Tuesday, 20 March 2012

Horses For Courses

Over the years I've worked on projects in various problem domains including electricity metering, defence, taxation and banking and, if you've followed my blog over the last year or more then you may have realised that I currently work for an advertising company. In working in the advertising domain the main thing that I've noticed about projects is that they usually have shorter development timescales for a given set of functionality and, once completed, the software's natural lifespan is also fairly short. All of this got me thinking... if the software you're writing will only be used used for a few short months, then should you employ a different style of coding? And, not to beat about the bush, can that software be written in a more slip-shod way to software that will be used for year's or upon which people's lives depend?

Taking a look at some of these problem domains, it should be possible to characterise and prioritise the features of software that are important. The quick table below details the life expectancy of software in some of these domains:

Problem Domain Estimated Lifespan
Defence Possibly Years - with updates and modifications
Taxation In the main a few short years with a minimum lifespan of one year. It'll have constant updates to reflect changes in legislation.
Banking Depending upon the banking area, banking software can last for years, though with updates to reflect changes in legislation.
Advertising Months, or possibly a year or two.

Next, compare this to the consequences of your software crashing:

Problem Domain Consequence of a Crash
Defence Someone on your side dies
Taxation Taxes are uncollected or overpaid
Banking The bank loses lots of money on a deal
Advertising People get a bad perception of your product

Taking the tables above together, then for defence software where people’s lives are at risk then I suggest that your design approach should produce ‘robust’, ‘safe’ and ‘fully tested’ code.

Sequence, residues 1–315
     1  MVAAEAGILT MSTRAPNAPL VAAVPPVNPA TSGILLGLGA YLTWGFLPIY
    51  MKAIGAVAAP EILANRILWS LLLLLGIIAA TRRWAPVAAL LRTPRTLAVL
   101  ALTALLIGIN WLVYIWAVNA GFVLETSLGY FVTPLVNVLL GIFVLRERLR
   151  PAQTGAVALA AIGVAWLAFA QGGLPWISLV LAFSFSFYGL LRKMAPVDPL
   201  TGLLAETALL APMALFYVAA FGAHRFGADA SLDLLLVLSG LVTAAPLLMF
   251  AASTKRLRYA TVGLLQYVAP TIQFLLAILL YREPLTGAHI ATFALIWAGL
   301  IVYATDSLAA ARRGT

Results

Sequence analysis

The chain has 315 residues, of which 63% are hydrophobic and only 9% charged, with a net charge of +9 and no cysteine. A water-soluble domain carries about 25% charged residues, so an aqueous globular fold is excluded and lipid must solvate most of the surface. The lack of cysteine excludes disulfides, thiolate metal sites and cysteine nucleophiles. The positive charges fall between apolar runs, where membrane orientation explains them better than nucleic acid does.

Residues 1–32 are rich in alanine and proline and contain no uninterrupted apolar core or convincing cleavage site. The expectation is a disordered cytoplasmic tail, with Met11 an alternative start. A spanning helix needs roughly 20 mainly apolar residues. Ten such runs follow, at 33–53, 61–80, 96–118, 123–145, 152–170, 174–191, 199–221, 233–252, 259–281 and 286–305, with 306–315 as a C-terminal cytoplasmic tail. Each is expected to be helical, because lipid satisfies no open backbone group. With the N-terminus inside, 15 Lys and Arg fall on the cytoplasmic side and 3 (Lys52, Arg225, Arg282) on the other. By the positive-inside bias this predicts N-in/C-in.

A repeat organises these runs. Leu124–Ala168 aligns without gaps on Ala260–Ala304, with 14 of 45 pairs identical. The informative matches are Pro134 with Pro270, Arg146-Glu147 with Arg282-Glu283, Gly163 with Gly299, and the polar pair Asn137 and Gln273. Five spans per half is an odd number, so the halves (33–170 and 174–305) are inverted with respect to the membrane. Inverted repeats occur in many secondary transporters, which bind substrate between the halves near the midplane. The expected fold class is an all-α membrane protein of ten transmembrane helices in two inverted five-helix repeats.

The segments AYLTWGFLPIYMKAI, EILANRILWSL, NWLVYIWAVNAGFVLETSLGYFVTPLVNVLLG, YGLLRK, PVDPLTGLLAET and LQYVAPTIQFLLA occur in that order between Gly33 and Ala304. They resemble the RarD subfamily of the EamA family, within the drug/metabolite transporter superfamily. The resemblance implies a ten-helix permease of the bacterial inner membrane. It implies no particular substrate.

Did you know that one of the things that worries me about flying is that I know that staying in the air depends upon working software. Now, it’s people like me who write the software and I can, like every other programmer, easily make mistakes and a simple mistake at 33,000ft can send me plummeting into a mountain... it doesn’t bare thinking about.

In terms of taxation, then the word ‘accuracy’ comes into play. Imagine what would happen if inaccurate software charged everyone too much tax... Also, as this software will be updated regularly to reflect changes in legislation, then it must be maintainable and readable, as people may be enhancing it years after you’ve left the company.

Getting back to my current problem domain of advertising, then yes it has to work, but as the projects and the lifespan are pretty short, then in order to fulfill clients’ needs and expectations the word reusability seems to be more applicable. The more re-usable tools you have in your toolbox the more short term projects you can deliver.

Finally, you may ask what about software for the banking industry. If you believe the newspapers, bankers have all the money, pay themselves huge bonuses and have caused the current recession. If that’s true, the software written for a bank must be very expensive.

1 comment:

TN said...

Interesting! Do the ALMs used in these industries differ too? What is your experience?